Canadian Manufacturing

Boeing changes executive in charge of the 737 Max factory

by The Associated Press   

Canadian Manufacturing
Manufacturing Risk & Compliance Aerospace

The 737 Max was grounded in March after crashes in Indonesia and Ethiopia killed 346 people

CHICAGO—The executive who manages the Boeing 737 Max program and the Seattle-area factory where the now-grounded plane is built is retiring.

The manager, Eric Lindblad, said he planned to retire last summer, and a Boeing spokesman said Thursday that Lindblad’s decision was unrelated to two deadly accidents involving Max jets.

Lindblad has been in the job less than a year, taking over as Boeing struggled with shortages of engines and fuselages from suppliers. He has been with Boeing 34 years.

Lindblad will be replaced over the next several weeks by Mark Jenks, a vice-president who oversees possible development of a new mid-size plane that would start flying around 2025. Jenks previously managed the Boeing 787, which was grounded in 2013 after batteries overheated on several planes.


Mike Sinnett, a product-strategy executive who has talked to airline pilots and reporters about the flight-control system on the Max, will take over the mid-size plane program.

The 737 Max was grounded in March after crashes in Indonesia and Ethiopia killed 346 people. Preliminary reports highlighted the role of new flight-control software that pushed the planes’ noses down. Boeing hopes to submit a fix to federal safety regulators in September.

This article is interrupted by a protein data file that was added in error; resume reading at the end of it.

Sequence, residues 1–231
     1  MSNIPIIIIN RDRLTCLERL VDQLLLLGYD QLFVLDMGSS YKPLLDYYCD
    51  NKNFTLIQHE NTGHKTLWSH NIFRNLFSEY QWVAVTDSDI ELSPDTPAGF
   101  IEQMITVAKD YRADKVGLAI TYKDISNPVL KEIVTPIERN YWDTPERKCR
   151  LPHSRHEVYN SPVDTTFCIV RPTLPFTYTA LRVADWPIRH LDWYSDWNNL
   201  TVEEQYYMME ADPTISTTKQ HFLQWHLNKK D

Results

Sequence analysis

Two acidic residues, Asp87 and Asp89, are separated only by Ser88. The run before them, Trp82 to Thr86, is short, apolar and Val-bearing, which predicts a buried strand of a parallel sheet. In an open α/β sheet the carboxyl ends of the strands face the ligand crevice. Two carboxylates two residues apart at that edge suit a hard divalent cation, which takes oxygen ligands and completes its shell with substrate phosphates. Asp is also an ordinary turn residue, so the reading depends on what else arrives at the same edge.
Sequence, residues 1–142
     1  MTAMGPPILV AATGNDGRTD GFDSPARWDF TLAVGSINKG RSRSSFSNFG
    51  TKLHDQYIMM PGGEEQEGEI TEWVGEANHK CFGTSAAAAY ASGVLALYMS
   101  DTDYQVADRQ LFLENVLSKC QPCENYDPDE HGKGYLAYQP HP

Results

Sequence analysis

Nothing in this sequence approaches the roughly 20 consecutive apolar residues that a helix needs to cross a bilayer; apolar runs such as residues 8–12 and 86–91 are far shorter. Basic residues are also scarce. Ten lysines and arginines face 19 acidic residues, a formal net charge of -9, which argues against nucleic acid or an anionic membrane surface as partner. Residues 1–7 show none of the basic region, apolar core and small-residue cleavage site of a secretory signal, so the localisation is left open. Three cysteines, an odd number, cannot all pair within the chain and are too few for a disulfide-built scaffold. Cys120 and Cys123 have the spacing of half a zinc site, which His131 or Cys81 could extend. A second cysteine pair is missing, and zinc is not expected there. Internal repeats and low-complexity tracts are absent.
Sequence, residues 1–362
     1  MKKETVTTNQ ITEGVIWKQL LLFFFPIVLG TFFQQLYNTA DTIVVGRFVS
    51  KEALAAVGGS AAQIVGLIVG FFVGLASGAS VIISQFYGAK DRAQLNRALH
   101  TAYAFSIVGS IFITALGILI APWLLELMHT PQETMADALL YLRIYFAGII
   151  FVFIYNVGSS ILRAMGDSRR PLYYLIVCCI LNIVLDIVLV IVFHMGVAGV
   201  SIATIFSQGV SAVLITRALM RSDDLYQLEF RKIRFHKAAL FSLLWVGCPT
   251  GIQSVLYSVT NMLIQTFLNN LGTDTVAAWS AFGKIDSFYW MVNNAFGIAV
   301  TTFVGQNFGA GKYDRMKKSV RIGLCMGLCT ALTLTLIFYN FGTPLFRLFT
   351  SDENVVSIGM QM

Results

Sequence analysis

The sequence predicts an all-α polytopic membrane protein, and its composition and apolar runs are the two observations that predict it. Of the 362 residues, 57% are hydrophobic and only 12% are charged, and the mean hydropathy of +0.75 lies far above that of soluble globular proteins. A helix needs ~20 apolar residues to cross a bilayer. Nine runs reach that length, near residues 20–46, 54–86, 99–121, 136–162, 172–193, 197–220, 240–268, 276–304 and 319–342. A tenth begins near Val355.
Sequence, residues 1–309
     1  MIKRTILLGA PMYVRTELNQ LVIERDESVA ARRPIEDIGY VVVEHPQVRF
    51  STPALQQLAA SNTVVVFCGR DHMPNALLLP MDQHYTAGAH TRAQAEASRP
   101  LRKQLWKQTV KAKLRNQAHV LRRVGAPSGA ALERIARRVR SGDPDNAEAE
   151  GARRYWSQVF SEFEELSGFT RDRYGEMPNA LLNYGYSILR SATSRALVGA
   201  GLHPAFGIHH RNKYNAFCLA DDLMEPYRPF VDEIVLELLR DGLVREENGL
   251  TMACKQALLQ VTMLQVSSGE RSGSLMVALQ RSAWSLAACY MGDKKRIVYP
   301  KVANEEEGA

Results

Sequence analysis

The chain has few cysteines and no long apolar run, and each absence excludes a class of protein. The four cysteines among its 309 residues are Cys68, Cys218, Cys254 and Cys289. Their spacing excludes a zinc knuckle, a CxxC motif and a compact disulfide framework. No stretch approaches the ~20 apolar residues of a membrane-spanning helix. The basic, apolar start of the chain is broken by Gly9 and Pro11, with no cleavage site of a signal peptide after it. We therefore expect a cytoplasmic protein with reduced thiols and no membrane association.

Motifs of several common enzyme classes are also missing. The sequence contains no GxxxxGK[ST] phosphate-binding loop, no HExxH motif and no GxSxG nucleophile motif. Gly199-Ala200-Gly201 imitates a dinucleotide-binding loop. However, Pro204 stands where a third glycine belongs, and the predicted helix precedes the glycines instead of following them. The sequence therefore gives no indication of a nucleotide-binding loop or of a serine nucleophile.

The Max is critical to Boeing’s future; the company has a backlog of about 4,500 orders from around the world. But Boeing’s orders and deliveries have tumbled this year _ falling far behind Airbus—while it faces investigations and has suspended deliveries of the Max.

The change in leadership of the Max program was announced in a letter to employees from Kevin McAllister, chief of Boeing’s commercial airplanes business. He said during his time running the 737 program, Lindblad “has navigated some of the most difficult challenges our company has ever faced.”

Lindblad said in a letter to employees that he planned to retire last summer but accepted the assignment to take over the Max program.

“There are still challenging times ahead once the MAX safely returns to service,” he wrote. “But this team has always done what it takes to succeed.”

Boeing Co. shares rose $6.70, or 1.9%, to close at $359.


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